Slang meaning: a necessary and inescapable benchmark. Correct. Complete. It is the modern world (to a great degree), shallow to the hilt, which gets caught up on words, and rarely understand their true meaning. If they did, they would acede, and no argument would be possible. Practise leads to results, recognition of truth, which leads to assimilation of practise. There is no conflict. Doctrine to practise and experience. The four worlds. Esoteric doctrine implies orthodoxy, correctness, especially in such a potentially dangerous field.

    Bye bye! 🙂

  4. Peregrin · April 7, 2008

    Thanks to everyone who replied here.

    Steve, i think Asher’s words on Orthodoxy match my own views well. Please remember most western esoteric people would deny there is any orthodoxy within their traditions. I do not think this is the case, and with Asher, believe the rejection of all that authentic orthodoxy entails is a mistake and makes our traditions poorer for it.

    Nicki, yes I think the coining of new words can be empowering sometimes. It is required when our language is based on world views that rob us of a semantic understanding of mysteries. The quote from Neil Douglas Klotz on the side bar refers to this, and i recommend his works greatly. Also, the Spell of the Sensuous by David Abram.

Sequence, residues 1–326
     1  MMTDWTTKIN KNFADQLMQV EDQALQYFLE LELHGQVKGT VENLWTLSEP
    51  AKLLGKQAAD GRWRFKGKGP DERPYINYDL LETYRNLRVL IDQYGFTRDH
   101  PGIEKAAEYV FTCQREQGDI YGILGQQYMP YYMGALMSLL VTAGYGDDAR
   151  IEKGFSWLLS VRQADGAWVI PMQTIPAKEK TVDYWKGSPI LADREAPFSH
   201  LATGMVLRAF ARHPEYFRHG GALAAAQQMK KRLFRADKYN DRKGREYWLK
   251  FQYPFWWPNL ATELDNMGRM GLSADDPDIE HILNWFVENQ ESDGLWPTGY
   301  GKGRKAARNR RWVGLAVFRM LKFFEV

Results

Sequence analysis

Asher, cool 🙂 Without getting into a mutual admiration of posts, thanks for your comments. I agree Schoun is one of the best. It is sad that people throw out the concept of orthodoxy as they reject any narrow (normally Christian) theology/practice they have been exposed to. Some of the most orthodox of people are the most wise and most compassionate. 🙂

  5. azrael2008 · April 8, 2008

    Yes thanks, I have been following the innovation of the sidebar. I was inspired by the quote by Mr Douglas-Klotz more specifically Greek philosophy, to venture into Abwoon , when this first appeared.

    So off I went again and this time read the interview ‘Desert Wisdom and the New Cosmology’ .

    I found both resonance on a personal level, as well as something of the current discussions and metaorthopraxy here. (You might have had to been there, as the link this morning seems a bit tenuous).

    I also liked the idea of taking time to let experiences rest and permeate, a wisdom too of the GD, I understand. Nicki